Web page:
All resources are implemented as providers. This means that if you have a running Nexus instance you can simply inspect the current state with:

puppet resource <resource-name>

for example:

puppet resource nexus3_repository

and copy/paste the result into your manifest file.

Available resources

Admin Password

To allow change the admin user password the module provides the nexus3_admin_password resource. It will take care of check if the password needs to be changed and do the proper requests using the old and the new passwords.

nexus3_admin_password { 'admin_password':
  old_password => 'admin123',
  password     => '123admin',

As of Nexus version 3.17.0 the initial admin password is randomly generated and stored in the admin.password file on the server. Changelog - Repository Manager 3.17.0 To automatically use that file to set the new password use the admin_password_file parameter to point to it.

nexus3_admin_password { 'admin_password':
  admin_password_file => '/opt/sonatype-work/nexus3/admin.password',
  password            => '123admin',

Global Configuration

The global configuration has been decomposed into different resources. The following examples show how to use them.

Email configuration

To change the Email settings the module provides the nexus3_smtp_settings resource.

nexus3_smtp_settings { 'global':
  enabled                => true,
  hostname               => '',
  port                   => 25,
  username               => 'jdoe',
  password               => 'keepitsecret',
  sender_email           => '',

Realms configuration

To change the Realms settings the module provides the nexus3_realm_settings resource. It allows to change the order of the realms used to authenticate the users.

nexus3_realm_settings { 'global':
  names => ['NexusAuthenticatingRealm', 'NexusAuthorizingRealm', 'LdapRealm'],

Anonymous configuration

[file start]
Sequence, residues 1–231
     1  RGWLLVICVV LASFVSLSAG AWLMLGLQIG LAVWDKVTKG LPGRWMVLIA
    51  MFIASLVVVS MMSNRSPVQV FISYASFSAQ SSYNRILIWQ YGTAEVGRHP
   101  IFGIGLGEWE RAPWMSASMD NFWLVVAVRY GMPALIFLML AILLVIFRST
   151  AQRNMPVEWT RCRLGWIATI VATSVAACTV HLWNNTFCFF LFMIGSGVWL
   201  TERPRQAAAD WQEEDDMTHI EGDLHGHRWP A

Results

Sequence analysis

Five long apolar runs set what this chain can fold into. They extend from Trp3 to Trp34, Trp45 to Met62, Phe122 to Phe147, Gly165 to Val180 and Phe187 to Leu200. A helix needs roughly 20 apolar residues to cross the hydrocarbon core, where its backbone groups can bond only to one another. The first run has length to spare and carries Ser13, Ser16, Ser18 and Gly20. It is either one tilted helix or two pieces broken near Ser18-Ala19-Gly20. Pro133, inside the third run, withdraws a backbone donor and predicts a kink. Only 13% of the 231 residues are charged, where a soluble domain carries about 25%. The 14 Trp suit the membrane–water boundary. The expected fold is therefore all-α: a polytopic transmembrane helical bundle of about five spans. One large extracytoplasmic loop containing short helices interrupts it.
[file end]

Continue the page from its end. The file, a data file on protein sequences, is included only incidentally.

To change the Anonymous user settings the module provides the nexus3_anonymous_settings resource. It allows to change the username and realm used when a non identified user tries to use the Nexus web site.

nexus3_anonymous_settings { 'global':
  enabled  => true,
  realm    => 'NexusAuthorizingRealm',
  username => 'anonymous',

LDAP configuration

The Nexus LDAP settings can be configured using the nexus3_ldap resource:

nexus3_ldap_settings { 'company_ldap':
  hostname                 => 'somehost',           #required: LDAP server hostname
  port                     => '389'                 #389 is default
  protocol                 => 'ldap',               #ldap is default, valid values: ldap, ldaps
  search_base              => 'dc=example,dc=com',  #required
  max_incidents_count      => '3',
  connection_retry_delay   => '300',
  connection_timeout       => '30',
  authentication_scheme    => 'none',               #none is default, valid values: simple, none, DIGEST_MD5, CRAM_MD5
  username                 => 'someuser',           #required (when authentication_scheme is not none): User to authenticate with LDAP service
  password                 => 'hunter2',            #default is unspecified
  sasl_realm               => '',                   #optional
  user_base_dn             => 'OU=users',           #OU=users is default
  user_subtree             => false,                #false is default
  user_object_class        => 'user',               #user is default
  user_id_attribute        => 'cn',                 #cn is default
  user_real_name_attribute => 'displayName',        #default is displayName
  user_email_attribute     => 'email',              #email is default
  user_password_attribute  => 'pw',                 #optional
  user_member_of_attribute => '',                   #optional